“If you do not wish to receive ads targeted to your interests from Apple’s advertising platform, you can choose to enable Limit Ad Tracking, which will opt your Apple ID out of receiving such ads regardless of what device you’re using. If you enable Limit Ad Tracking on your mobile device, third-party apps cannot use the Advertising Identifier, a non-personal device identifier, to serve you targeted ads.”
As you might well know, Apple’s Safari browser was the first to block third-party cookies by default. In the operating systems iOS 11 and MacOS High Sierra, Apple implemented Intelligent Tracking Prevention which made it possible to reduce the possibility of advertisers to track your online movements.
In an open letter published in 2017, Apple’s CEO Tim Cook explained, “We don’t build a profile based on your email content or Web browsing habits to sell to advertisers. We don’t ‘monetize’ the information you store on your iPhone or in iCloud. And we don’t read your email or your messages to get information to market to you.”
In an interview with Charlie Rose, Cook went on to explain that Apple has a different view on the collection of customer information than other companies do.
“Our business is not based on having information about you. You’re not our product,” Cook said. “Our products are these, and this watch, and Macs and so forth. And so we run a very different company. I think everyone has to ask, how do companies make their money? Follow the money. And if they’re making money mainly by collecting gobs of personal data, I think you have a right to be worried. And you should really understand what’s happening to that data, and the companies — I think — should be very transparent.”
This, of course, doesn’t mean that Apple will not collect any user data at all. It does, but it still keeps it to a minimum. When comparing the two, Android devices send data to Google ten times more often than iOS devices do to Apple.
Last month Google announced the implementation of new privacy policies that affect three of its highly used apps including YouTube, Google Maps and Google Assistant. These changes, whilst definitely helping in the battle to improve your privacy still have a long way to go.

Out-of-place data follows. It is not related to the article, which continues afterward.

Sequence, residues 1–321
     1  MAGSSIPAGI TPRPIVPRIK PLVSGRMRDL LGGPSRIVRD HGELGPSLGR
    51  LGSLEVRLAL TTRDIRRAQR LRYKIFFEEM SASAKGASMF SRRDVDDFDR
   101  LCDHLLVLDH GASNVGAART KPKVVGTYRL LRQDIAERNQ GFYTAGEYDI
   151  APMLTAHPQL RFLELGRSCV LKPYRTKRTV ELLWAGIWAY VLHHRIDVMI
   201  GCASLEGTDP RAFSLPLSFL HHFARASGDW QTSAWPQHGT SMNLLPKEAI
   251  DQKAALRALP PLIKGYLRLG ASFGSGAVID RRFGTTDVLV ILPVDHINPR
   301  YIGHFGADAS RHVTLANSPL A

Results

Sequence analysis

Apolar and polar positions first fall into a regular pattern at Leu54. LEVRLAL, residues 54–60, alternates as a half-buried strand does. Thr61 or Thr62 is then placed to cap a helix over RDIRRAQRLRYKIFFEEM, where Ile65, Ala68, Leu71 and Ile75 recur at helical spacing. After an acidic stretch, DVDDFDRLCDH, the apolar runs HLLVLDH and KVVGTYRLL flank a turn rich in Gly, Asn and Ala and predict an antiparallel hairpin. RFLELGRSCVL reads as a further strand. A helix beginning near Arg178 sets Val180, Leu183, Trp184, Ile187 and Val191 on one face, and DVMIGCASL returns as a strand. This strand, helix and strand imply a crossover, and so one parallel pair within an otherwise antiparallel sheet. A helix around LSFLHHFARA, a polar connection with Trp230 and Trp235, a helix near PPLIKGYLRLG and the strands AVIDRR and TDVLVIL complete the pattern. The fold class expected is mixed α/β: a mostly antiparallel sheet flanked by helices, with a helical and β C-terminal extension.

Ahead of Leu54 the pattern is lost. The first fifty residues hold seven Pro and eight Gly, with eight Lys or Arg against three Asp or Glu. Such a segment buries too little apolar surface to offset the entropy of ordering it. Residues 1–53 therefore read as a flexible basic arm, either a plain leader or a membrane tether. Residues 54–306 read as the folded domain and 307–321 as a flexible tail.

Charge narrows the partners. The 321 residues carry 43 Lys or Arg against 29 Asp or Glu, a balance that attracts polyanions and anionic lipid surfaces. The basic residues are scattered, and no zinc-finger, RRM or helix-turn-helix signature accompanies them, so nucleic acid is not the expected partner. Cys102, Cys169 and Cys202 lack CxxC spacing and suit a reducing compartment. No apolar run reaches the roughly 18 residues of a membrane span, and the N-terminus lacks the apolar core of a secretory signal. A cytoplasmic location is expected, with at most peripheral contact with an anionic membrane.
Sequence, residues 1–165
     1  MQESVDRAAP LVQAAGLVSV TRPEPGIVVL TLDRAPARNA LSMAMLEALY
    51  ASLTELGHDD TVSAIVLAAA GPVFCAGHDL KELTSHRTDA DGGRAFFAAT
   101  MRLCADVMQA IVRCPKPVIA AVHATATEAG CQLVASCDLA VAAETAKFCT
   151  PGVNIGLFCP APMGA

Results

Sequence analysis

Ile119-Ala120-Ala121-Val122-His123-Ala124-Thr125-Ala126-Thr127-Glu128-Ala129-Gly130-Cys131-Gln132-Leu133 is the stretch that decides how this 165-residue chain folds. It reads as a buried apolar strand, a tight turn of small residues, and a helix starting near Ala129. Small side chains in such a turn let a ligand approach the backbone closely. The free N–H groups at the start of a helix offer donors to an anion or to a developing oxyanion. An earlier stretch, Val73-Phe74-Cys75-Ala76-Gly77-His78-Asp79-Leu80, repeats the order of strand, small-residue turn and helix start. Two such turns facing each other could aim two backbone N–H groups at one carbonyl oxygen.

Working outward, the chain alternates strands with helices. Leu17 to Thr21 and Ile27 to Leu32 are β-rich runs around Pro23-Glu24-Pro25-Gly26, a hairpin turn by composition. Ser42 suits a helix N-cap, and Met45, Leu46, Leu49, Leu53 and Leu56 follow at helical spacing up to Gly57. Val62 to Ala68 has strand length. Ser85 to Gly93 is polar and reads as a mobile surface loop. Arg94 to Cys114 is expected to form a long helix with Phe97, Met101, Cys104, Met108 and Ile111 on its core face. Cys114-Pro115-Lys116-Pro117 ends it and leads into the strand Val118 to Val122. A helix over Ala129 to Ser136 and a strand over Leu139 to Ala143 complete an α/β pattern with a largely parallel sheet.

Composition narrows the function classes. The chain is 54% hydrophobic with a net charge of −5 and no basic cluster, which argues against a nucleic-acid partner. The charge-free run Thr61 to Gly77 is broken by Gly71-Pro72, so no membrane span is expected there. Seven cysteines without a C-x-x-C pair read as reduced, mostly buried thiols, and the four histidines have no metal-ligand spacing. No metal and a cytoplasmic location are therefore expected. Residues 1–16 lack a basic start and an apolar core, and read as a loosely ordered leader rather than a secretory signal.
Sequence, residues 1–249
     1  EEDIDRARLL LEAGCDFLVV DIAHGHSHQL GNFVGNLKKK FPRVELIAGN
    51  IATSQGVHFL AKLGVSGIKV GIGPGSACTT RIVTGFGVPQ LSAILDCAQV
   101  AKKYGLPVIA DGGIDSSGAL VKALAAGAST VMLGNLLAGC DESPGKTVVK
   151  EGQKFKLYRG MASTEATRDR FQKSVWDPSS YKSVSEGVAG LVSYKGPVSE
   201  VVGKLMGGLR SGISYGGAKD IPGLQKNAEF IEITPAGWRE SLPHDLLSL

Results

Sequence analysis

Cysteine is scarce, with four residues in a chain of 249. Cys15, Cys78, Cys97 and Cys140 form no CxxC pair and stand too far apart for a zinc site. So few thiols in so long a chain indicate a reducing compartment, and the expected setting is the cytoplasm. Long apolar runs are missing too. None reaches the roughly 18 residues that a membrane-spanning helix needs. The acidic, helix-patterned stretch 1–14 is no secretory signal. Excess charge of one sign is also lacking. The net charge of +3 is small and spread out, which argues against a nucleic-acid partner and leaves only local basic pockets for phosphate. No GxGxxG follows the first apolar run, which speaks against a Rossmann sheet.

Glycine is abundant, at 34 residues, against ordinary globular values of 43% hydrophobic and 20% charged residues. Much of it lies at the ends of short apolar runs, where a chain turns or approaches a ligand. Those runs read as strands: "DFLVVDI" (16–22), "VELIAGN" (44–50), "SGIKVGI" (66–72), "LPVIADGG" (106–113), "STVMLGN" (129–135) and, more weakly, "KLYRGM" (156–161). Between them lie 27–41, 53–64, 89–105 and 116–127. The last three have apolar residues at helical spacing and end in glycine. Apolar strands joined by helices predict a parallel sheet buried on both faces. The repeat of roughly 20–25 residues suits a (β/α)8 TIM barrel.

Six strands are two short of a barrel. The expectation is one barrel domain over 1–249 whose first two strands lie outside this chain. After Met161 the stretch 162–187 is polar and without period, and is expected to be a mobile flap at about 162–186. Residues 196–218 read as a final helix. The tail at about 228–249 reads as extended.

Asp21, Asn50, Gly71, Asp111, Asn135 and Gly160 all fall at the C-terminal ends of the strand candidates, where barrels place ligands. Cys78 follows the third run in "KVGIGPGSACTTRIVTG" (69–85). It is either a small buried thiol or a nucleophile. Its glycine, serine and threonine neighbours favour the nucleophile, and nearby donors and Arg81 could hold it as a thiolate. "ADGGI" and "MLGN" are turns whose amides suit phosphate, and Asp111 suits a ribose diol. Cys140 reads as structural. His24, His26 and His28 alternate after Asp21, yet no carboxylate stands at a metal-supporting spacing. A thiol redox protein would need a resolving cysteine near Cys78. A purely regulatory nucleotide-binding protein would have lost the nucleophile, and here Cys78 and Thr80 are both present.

Google’s products are primarily based on gathering and organizing user data, using it to create targeted ads for its users.
With an increasing number of people recognizing the fact that a lot of their online movements are being monitored not only by ISPs or government agencies, a push to lessen the amount of personal information collected by apps is imminent.
While the above-mentioned apps are using and tracking your data less than before, the reality is that you are still being tracked and your online activity is still being stored, resulting in you still seeing targeted ads.
Apple, on the other hand, has built a brand that monetizes its physical products on a larger scale and therefore doesn’t need to look to user online activity to gain revenue.
Privacy is something that is difficult to come by, especially in today’s society that is centered around online technology and social media platforms. Realistically, the only way Google will be able to make credible changes in its push for user online privacy is to change not only the way it makes money, but change its business model as a whole.
The positive takeaway from this whole situation is that companies like Google are feeling the backlash and are making strides in creating privacy policies that attempt to work for their users. The question is, does Google have good enough products for you to compromise your privacy?